A man was gunned down early Monday in the driveway of what police are calling a drug flophouse, triggering the second homicide investigation at that east Las Vegas residence in less than two months.
Metropolitan Police Department homicide detectives first were called to 4323 Del Santos Drive on Dec. 22, when a narcotics-related dispute led Christine Rose Sanchez to shoot three of her roommates to death, according to police and court records.
Detectives returned to the home just before 5 a.m. Monday after multiple 911 callers reported hearing gunshots. When officers arrived, they found a man in his 30s dead in the driveway from at least one gunshot wound to his chest, homicide Lt. Dan McGrath said.
“He came to the residence for some unknown reason,” McGrath said of the victim, who did not live at the house. “I would venture to say it had something to do with narcotics.”
McGrath said the man had just arrived at the home with a woman when a white SUV pulled up and a man inside began shooting. McGrath confirmed that police were looking for two suspects Monday, the shooter and the driver of the vehicle.
Police on Monday could only describe the shooter as a black man with a medium build. The woman, who was not injured, did not provide a description of the driver, McGrath said.
It remained unclear in the hours following the shooting whether the victim knew his killer or whether the attack instead targeted the flophouse, where people are known to come and go on a frequent basis, McGrath said. As of the December shooting, he said, police had been called to the property at least 14 times within the previous year.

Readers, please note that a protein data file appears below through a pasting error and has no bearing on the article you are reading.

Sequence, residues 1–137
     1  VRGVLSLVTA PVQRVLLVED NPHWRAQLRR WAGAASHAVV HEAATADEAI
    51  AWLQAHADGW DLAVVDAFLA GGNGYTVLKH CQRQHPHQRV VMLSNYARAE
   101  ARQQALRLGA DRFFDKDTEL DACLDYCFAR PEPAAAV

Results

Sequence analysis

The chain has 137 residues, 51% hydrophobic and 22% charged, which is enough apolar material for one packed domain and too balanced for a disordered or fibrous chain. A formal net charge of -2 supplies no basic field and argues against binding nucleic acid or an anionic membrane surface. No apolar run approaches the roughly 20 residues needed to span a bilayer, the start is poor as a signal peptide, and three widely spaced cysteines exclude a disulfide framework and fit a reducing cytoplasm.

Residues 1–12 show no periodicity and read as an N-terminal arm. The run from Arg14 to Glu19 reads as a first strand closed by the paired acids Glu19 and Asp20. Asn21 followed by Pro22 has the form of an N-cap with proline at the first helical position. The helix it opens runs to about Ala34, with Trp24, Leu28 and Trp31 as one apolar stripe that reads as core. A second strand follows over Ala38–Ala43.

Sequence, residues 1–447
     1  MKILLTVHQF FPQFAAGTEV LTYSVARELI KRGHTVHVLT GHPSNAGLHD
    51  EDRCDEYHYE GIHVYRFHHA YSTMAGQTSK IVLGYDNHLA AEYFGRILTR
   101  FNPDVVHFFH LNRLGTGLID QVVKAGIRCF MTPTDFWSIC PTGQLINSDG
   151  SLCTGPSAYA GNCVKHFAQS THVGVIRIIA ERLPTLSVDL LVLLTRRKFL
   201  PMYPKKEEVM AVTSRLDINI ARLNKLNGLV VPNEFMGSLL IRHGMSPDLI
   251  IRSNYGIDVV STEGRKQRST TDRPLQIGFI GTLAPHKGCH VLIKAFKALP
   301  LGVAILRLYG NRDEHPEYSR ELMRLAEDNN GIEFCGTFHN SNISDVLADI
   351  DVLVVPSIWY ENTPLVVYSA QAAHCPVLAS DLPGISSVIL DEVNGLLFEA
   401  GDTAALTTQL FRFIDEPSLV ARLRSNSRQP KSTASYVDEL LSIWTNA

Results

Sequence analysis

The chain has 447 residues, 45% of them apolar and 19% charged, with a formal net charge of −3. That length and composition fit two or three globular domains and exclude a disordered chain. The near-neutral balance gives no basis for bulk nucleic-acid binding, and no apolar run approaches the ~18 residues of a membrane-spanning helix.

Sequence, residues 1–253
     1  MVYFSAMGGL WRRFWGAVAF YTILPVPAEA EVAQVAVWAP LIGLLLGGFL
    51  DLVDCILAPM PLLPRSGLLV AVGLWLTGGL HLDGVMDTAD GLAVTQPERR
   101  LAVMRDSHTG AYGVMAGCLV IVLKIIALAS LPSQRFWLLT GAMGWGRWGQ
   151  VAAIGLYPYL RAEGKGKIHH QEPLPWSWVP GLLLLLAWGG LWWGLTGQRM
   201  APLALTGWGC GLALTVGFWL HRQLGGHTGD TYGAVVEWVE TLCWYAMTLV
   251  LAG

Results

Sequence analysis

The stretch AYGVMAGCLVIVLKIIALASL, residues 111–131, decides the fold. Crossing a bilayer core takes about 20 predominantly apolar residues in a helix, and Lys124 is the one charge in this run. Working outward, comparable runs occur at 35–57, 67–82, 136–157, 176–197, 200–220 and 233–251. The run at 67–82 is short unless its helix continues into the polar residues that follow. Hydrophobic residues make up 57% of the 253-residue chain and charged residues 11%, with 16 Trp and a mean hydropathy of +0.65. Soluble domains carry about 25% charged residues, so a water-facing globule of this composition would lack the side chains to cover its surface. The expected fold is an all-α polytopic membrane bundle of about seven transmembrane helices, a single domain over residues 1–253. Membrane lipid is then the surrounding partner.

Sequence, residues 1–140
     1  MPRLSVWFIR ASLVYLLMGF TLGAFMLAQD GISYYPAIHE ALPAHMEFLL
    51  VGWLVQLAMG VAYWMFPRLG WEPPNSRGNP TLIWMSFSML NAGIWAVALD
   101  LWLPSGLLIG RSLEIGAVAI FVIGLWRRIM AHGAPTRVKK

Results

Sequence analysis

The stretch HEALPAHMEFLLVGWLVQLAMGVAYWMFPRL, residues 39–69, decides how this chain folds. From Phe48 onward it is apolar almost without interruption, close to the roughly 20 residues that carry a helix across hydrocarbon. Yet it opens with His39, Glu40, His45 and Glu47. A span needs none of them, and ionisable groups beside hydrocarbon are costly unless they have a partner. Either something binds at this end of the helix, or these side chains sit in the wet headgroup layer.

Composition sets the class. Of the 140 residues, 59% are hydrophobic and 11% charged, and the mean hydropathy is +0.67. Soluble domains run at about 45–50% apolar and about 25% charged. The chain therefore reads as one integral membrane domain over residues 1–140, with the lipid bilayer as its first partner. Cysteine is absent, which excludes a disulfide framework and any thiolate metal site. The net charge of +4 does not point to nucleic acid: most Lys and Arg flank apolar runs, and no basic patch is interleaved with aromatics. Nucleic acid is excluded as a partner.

As detectives continued to investigate Monday, longtime resident Chris Martie approached patrol officers guarding the scene near the yellow crime tape. Running his hand through his hair, he yelled, “The same f——— house? The same house again?”
Stopping mid-sentence to listen to the frustrated neighbor, McGrath added, “It’s quiet over here. It’s not a problem area except for this one house.”
In December, McGrath said the homeowner, identified by Clark County property records as John Nunn, told police he often allowed transients to stay in the home.
‘Rolling in her grave’
Nunn inherited the one-story house built in 1977 in 2010 from his late mother, Elizabeth “Betty” Jeffreys. The house was underwater at the time, as the mortgage outweighed the home’s value, property and court records show.
Martie, the 35-year-old neighbor, who has lived five houses from Nunn his entire life, told the Las Vegas Review-Journal that Jeffreys would be disappointed in her son “if she could only see the house now.”
“She must be just rolling in her grave right now,” he said Monday. “I knew her and she was a wonderful woman.”
Sitting in their garage Monday afternoon, hours after the shooting, Mya Rider, Martie’s fiancee, added, “She’d be disappointed.”
The couple, who is now raising their 1-year-old son in Martie’s childhood home, said the issues surrounding Nunn’s house started about three years ago but have escalated in the past year.
County records indicate that trash hauler Republic Services has filed at least three liens against the property since 2016. Such liens often are filed because of unpaid bills.
“It quieted down for a little bit after the triple homicide,” Rider said. “You could tell the homeowner had cleaned up his act a bit, but after like two weeks, it was like nothing had changed.”